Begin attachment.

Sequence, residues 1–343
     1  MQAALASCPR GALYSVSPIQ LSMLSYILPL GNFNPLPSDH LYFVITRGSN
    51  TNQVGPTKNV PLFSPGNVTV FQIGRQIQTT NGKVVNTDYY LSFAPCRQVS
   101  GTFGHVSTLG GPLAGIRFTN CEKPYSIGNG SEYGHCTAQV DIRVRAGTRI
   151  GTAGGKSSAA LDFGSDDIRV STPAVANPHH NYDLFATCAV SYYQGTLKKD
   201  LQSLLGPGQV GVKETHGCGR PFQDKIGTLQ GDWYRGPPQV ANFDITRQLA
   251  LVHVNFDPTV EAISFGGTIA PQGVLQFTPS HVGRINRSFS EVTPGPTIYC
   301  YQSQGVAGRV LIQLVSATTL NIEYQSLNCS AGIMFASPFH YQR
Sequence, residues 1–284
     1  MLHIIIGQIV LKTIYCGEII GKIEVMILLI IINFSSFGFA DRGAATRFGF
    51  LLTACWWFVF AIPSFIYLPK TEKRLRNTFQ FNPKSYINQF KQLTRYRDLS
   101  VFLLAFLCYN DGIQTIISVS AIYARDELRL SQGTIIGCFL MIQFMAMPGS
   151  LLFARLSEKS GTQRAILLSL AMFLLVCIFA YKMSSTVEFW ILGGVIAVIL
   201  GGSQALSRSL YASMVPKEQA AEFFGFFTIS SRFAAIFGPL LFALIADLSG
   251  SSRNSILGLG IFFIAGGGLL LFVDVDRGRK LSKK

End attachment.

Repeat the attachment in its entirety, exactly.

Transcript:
Sequence, residues 1–343
     1  MQAALASCPR GALYSVSPIQ LSMLSYILPL GNFNPLPSDH LYFVITRGSN
    51  TNQVGPTKNV PLFSPGNVTV FQIGRQIQTT NGKVVNTDYY LSFAPCRQVS
   101  GTFGHVSTLG GPLAGIRFTN CEKPYSIGNG SEYGHCTAQV DIRVRAGTRI
   151  GTAGGKSSAA LDFGSDDIRV STPAVANPHH NYDLFATCAV SYYQGTLKKD
   201  LQSLLGPGQV GVKETHGCGR PFQDKIGTLQ GDWYRGPPQV ANFDITRQLA
   251  LVHVNFDPTV EAISFGGTIA PQGVLQFTPS HVGRINRSFS EVTPGPTIYC
   301  YQSQGVAGRV LIQLVSATTL NIEYQSLNCS AGIMFASPFH YQR
Sequence, residues 1–284
     1  MLHIIIGQIV LKTIYCGEII GKIEVMILLI IINFSSFGFA DRGAATRFGF
    51  LLTACWWFVF AIPSFIYLPK TEKRLRNTFQ FNPKSYINQF KQLTRYRDLS
   101  VFLLAFLCYN DGIQTIISVS AIYARDELRL SQGTIIGCFL MIQFMAMPGS
   151  LLFARLSEKS GTQRAILLSL AMFLLVCIFA YKMSSTVEFW ILGGVIAVIL
   201  GGSQALSRSL YASMVPKEQA AEFFGFFTIS SRFAAIFGPL LFALIADLSG
   251  SSRNSILGLG IFFIAGGGLL LFVDVDRGRK LSKK